In order to couple into and out of such devices, optical fibers are butt-coupled to the waveguide ends, and secured thereto by means of a bonding material such as an epoxy. In order to stabilize the attached array of fibers, and to provide sufficient confinement of the evanescent field of the guided wave, the device may be covered with a thin silica coverplate, affixed with a low loss adhesive, as described in U.S. Pat. No. 5,076,654, issued Dec. 31, 1991, and assigned to applicant's assigne.
Methods for aligning and permanently attaching fibers to waveguide devices on lithium niobate are described in a paper entitled "Fiber Attachment for Guided Wave Devices" by E. J. Murphy, published in the Journal of Lightwave Technology, Vol. 6, No. 6, June 1988. As indicated in this paper, permanent attachment, after alignment, is typically made using some type of adhesive.
The problem with the above-described arrangements is that the use of an epoxy, or other type or adhesive in the optical wavepath, is unacceptable for certain applications, such as submarine cables. Heat, applied during the curing period, or as a result of high intensity light signals, tends to deteriorate the adhesive and, hence, the bond. Accordingly, the use of such adhesives is to be avoided.
An alternative bonding technique, using glass as the adhesive, as described in U.S. Pat. No. 5,208,885, issued May 4, 1993 and assigned to applicant's assigne, produces very satisfactory heat insensitive connections. However, it has a number of commercial drawbacks. For example, the implementation of this technique requires a number of additional processing steps such as: the formation of a low melting temperature glass film on the end of each waveguide (or fiber); and the polishing of such films to make them flat. In addition, the film, being of a different material than the fiber and waveguide, may introduce stresses and strains in the optical wavepath at the waveguide-fiber junction.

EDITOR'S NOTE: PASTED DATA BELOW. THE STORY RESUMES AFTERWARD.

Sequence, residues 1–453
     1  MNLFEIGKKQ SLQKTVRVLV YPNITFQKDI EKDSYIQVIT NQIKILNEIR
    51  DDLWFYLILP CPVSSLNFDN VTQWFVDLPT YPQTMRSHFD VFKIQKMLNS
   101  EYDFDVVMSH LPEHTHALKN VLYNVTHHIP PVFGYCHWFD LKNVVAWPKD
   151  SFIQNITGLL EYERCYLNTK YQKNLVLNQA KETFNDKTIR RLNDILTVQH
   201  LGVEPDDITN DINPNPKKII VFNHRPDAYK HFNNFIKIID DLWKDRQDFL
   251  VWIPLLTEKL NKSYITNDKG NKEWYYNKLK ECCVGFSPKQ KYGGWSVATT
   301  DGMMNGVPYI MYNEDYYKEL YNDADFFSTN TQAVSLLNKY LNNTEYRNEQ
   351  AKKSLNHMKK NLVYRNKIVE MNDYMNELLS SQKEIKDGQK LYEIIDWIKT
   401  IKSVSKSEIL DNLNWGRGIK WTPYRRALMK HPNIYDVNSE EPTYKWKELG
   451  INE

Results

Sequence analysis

It is, accordingly, the object of the present invention to avoid the use of bonding materials by providing a new waveguiding structure, and a method of fusing such a structure directly to an optical fiber using currently available technology.
The present invention utilizes existing electric arc fusion splicers and laser splicers for connecting silica waveguides to optical fibers in a manner similar to their use as fiber-to-fiber splicers. In accordance with the present invention, the waveguide structure is covered with a layer of glass to provide physical support to the end of the waveguide. The silicon substrate under the waveguide is then removed, leaving a platform of glass which can then be fused to a fiber in the are of a standard fusion machine.
It is an advantage of the invention that a plurality of connections can be made to the waveguide device using a standard electric-arc fusion splicing machine.
In an alternative embodiment of the invention, heat for splicing the fiber to the waveguide is obtained from a high power laser, such as a CO2 laser.
FIG. 1 shows the general configuration of the class of prior art integrated optical devices to which the invention relates;
FIG. 2 shows, in greater detail, the fingers formed at the ends of the prior art waveguides, to which the invention relates, by the removal of portions of the structure between adjacent waveguides;
FIG. 3 shows the ends waveguides modified in accordance with the present invention; and
FIG. 4 shows a waveguide, whose end has been modified in accordance with the present invention, being spliced to an optical fiber in an electric-arc fusion machine.